Surgeons can lead the way in transforming global health

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Surgeons can lead in tackling challenges that cut across health systems and help to make global healthcare stronger

Surgeons must provide leadership in transforming healthcare across the Global South – by integrating surgery into the global health agenda and advocating for simple and cost-effective surgical procedures that support overall health system strengthening.

Establishing ambulance services, strengthening primary care, and improving diagnosis pathways will ensure patients have access to early diagnosis and treatment, reducing overall health costs.

Surgeons can become influential system leaders by taking on challenges that cut across health systems. For example, surgeons can deliver change in energy security, by supporting installation of on-site renewable energy generation.

Fragile energy supplies at hospitals in Low- and Middle-income Countries (LMIC) lead to avoidable patient harm, so secure energy initiatives would benefit all patients.

Experts from the University of Birmingham-led NIHR Global Health Research Unit on Global Surgery, set out the blueprint for change in an article in The Lancet.

Co-author Dr Dmitri Nepogodiev, from the University of Birmingham, commented: “Surgeons can lead positive healthcare change that benefits patients across the Global South. By proactively reaching out to local communities and policymakers, surgeons can shift the common but mistaken perception of surgery as a drain on resources to a vision of surgery as a powerful engine for strengthening both health systems and wider civil society.”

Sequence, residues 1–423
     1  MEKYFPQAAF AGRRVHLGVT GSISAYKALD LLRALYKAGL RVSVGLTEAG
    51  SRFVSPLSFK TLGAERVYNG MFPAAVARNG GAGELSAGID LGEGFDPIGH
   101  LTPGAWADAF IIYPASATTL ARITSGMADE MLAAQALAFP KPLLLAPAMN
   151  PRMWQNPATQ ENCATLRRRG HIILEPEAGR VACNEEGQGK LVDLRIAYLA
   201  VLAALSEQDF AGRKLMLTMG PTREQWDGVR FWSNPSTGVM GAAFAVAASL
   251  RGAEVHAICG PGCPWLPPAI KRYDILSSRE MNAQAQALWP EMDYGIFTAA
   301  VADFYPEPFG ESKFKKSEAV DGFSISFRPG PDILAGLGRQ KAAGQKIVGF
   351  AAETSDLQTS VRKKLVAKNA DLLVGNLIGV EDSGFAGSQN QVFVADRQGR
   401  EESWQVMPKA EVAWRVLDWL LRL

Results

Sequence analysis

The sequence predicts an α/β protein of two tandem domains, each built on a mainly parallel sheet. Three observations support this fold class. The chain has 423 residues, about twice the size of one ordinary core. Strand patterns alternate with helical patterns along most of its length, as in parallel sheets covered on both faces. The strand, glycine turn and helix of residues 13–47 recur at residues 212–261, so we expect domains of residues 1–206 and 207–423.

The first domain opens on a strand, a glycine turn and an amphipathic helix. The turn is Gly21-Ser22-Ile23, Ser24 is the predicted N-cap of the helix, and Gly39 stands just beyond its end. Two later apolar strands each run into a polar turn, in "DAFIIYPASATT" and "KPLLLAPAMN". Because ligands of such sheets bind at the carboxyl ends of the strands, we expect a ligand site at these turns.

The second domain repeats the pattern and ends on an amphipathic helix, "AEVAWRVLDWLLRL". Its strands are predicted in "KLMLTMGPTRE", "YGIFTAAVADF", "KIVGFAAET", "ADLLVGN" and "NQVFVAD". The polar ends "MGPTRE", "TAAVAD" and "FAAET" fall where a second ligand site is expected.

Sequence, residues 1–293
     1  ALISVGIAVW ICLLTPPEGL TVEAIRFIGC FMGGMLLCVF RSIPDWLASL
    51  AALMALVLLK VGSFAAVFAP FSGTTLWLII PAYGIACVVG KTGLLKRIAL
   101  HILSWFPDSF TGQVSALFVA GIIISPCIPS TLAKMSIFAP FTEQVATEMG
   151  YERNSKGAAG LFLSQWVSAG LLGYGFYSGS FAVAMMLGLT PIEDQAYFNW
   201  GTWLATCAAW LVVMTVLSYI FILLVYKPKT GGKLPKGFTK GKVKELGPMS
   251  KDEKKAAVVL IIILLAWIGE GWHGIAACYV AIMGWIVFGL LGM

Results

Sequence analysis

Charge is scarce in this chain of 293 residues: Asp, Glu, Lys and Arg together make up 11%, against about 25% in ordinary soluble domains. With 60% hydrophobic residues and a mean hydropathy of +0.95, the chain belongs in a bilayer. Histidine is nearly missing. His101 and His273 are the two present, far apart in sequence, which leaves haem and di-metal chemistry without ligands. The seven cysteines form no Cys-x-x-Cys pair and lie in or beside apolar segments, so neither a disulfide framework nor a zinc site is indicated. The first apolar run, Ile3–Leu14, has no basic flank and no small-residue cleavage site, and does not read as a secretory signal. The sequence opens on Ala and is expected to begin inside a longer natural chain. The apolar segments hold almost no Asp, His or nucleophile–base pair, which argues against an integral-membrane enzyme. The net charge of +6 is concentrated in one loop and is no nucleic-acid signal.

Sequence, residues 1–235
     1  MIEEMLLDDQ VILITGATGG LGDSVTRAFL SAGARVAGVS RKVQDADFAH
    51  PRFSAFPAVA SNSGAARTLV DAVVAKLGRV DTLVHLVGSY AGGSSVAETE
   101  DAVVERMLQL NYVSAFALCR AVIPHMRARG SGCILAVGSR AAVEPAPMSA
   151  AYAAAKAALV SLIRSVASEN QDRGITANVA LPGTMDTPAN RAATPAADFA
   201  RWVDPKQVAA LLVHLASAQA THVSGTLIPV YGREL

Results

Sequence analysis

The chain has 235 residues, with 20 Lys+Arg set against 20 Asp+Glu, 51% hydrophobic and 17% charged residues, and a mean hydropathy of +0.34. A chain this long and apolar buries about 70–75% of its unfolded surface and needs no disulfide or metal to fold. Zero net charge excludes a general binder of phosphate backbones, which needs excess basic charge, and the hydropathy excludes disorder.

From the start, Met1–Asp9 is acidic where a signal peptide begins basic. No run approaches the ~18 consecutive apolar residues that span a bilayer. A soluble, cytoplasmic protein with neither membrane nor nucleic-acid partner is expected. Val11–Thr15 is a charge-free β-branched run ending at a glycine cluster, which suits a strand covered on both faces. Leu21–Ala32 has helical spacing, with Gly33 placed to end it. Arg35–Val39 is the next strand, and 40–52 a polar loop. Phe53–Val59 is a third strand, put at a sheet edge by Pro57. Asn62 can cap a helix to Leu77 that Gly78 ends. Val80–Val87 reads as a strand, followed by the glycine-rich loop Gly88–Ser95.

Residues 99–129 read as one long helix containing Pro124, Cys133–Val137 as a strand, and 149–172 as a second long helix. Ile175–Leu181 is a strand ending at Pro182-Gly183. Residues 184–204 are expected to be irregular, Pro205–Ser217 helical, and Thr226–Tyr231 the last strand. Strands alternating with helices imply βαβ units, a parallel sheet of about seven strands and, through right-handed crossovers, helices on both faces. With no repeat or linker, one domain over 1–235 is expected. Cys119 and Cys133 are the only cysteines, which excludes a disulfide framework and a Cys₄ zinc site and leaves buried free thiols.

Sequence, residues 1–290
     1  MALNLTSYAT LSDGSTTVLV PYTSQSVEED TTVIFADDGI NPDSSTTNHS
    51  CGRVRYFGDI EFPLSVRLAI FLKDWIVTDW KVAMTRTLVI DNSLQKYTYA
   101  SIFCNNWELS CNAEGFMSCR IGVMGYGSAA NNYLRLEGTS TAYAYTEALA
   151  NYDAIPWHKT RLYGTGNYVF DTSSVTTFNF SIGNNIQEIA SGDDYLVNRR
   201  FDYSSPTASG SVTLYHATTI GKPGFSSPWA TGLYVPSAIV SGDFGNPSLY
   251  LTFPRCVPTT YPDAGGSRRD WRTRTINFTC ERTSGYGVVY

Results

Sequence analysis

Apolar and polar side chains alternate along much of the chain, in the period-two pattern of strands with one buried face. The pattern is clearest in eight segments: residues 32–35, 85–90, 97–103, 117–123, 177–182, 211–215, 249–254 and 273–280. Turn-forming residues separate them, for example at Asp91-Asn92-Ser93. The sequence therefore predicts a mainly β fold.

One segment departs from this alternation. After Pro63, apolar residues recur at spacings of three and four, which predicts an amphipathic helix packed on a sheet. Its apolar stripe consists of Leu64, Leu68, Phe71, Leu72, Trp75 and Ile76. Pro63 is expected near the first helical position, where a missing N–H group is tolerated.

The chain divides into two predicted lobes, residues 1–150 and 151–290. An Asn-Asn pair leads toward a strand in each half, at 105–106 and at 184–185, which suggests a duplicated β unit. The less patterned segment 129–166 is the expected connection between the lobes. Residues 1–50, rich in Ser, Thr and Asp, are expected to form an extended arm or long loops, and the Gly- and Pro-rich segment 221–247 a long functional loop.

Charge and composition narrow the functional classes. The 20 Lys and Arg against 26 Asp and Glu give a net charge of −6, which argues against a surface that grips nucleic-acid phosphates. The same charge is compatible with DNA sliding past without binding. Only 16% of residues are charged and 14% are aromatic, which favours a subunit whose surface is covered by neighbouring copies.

The NIHR Global Health Research Unit on Global Surgery is already taking the first steps along the road to sustainable healthcare – welcoming surgeons and academics from around the world to the University of Birmingham last year to consider research to achieve net zero emissions in operating theatres.

Co-author Mr Aneel Bhangu, Professor of Global Surgery, NIHR Lead Clinician Scientist in the NIHR Global Surgery Unit at the University of Birmingham, commented: “Operating theatres, safe maternity care, vaccine cold chains, and laboratory and radiology diagnostics all depend on a constant electricity supply – not always achievable in the Global South.

“Secure, on-site energy generation would have a substantial benefit for all patients, whilst installing renewable energy would also accelerate healthcare sector decarbonisation, even as provision is scaled up to meet need. Surgery is the most energy-intensive activity in the hospital, making surgeons well placed to take the lead in creating energy secure, low-carbon surgical systems.”

Last year’s ground-breaking ‘green surgery’ event at Birmingham built on earlier research success in this field, including the first documented ‘net zero’ operation in the NHS – patient discharged safely and recovering well from a keyhole procedure to remove a bowel cancer.

Performed at Solihull Hospital in 2022, this operation saw University of Birmingham experts working with a surgical team at University Hospitals Birmingham NHS Foundation Trust to complete the operation.

The operation introduced several changes to normal practice such as: using reusable gowns, drapes, and scrub caps; minimising electricity use; and giving medications through the veins for general anaesthesia rather than using anaesthetic gases, which have a strong greenhouse effect.

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